SYDNEY (Reuters) - Australian inflation over the past year-and-a-half was the worst in three decades but the country is still unlikely to experience a recession, the head of the country's third-largest retail bank said on Thursday.
"Inflation, while slowing, has hurt Australians more during the past 18 months than it has for three decades," National Australia Bank (NAB) CEO Ross McEwan said in a speech at the Australia-Israel Chamber of Commerce.
"There is a lot of discussion as to whether Australia will head into a recession as we do have many headwinds. My view is we won't," McEwan added.
Australian inflation peaked near 8% earlier this year but after 400 basis points of rate hikes since May 2022 - from 0.1% to 4.1% - inflation has slowed to 6%. While still double the Reserve Bank of Australia's target of 2% to 3%, the slowdown has been enough to prompt a pause in tightening.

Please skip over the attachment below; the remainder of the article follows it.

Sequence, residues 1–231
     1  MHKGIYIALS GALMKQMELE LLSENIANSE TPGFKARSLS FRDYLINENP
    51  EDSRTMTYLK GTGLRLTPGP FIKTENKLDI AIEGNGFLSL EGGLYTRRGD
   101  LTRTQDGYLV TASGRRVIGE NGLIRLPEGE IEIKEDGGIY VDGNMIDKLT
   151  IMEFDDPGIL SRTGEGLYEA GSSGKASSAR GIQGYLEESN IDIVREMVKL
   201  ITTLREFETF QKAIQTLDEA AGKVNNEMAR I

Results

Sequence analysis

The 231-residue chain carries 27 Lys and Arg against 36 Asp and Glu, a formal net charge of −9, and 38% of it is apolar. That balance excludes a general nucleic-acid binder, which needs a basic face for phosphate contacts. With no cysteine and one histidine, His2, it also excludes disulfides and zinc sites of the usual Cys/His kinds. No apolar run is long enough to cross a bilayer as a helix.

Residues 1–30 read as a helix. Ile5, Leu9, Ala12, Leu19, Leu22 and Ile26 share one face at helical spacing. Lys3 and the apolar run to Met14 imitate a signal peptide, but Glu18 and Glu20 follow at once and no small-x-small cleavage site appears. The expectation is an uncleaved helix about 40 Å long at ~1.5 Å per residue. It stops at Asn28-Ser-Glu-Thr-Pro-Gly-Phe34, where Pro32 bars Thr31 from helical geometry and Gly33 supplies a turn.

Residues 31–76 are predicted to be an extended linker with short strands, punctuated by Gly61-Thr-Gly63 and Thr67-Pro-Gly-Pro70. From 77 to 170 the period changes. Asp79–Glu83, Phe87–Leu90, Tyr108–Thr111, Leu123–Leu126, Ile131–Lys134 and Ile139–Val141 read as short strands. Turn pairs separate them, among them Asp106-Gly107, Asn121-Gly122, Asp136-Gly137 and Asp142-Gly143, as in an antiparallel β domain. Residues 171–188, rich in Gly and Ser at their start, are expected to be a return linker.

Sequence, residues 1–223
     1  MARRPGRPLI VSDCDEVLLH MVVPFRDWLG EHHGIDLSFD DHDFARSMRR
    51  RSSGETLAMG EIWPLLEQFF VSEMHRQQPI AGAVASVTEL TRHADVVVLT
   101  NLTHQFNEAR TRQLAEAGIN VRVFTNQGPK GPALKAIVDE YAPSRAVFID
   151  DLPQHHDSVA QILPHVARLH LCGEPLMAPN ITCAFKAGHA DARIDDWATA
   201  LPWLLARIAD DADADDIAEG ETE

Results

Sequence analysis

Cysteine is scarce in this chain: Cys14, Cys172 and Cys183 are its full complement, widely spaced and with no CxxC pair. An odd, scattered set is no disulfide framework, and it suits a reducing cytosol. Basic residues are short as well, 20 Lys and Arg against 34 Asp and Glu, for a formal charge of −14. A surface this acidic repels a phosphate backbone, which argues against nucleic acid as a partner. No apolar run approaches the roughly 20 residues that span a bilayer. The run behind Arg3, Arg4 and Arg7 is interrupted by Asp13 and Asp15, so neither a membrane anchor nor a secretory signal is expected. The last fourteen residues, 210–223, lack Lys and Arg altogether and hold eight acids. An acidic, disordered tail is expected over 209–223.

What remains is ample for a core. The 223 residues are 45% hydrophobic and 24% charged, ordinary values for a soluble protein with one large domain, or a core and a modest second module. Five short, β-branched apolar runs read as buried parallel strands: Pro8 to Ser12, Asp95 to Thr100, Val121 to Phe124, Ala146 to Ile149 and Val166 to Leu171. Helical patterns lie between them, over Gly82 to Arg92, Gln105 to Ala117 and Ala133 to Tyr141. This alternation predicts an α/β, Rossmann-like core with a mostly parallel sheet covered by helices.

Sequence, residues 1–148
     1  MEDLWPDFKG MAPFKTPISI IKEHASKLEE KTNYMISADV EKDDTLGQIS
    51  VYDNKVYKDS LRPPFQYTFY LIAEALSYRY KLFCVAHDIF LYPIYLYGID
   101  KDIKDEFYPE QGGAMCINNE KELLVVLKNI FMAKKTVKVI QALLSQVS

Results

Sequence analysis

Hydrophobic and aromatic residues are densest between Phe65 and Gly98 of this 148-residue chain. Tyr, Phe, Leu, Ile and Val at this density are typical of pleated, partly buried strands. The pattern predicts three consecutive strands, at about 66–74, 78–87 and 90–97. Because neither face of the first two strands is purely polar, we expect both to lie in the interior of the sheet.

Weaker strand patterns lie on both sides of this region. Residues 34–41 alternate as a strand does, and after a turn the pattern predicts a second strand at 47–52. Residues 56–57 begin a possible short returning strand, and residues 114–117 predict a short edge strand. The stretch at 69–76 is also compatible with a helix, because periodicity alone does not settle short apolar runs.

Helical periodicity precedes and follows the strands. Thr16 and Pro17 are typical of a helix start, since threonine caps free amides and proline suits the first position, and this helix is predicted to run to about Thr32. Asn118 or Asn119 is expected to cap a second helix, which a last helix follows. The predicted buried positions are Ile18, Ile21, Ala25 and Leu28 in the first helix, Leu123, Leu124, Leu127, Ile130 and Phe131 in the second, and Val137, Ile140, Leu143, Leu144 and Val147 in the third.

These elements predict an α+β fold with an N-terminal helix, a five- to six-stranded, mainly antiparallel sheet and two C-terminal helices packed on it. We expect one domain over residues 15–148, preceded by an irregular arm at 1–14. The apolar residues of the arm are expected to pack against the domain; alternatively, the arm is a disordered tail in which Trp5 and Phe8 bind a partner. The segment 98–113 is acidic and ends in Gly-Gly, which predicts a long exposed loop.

NAB and the three other large lenders which dominate Australia's A$2 trillion ($1.3 trillion) mortgage market have recorded only modest increases in late repayments as unemployment remains near record lows.
McEwan said there were "plenty of reasons to be confident that things will turn more positive towards the latter half of next year".
Immigration to Australia has returned to levels similar to before COVID-19 prompted global border closures, leading to a shortage of housing and underpinning prices.
"Through a sharp rate rise cycle, the housing market has also held up better than most expected," McEwan said.
"Perhaps this is of little surprise given the lack of housing supply. We are not building enough homes for our growing population and over time that can only push up house prices further."
($1 = 1.5418 Australian dollars)
(Reporting by Byron Kaye; Editing by Himani Sarkar and Lincoln Feast.)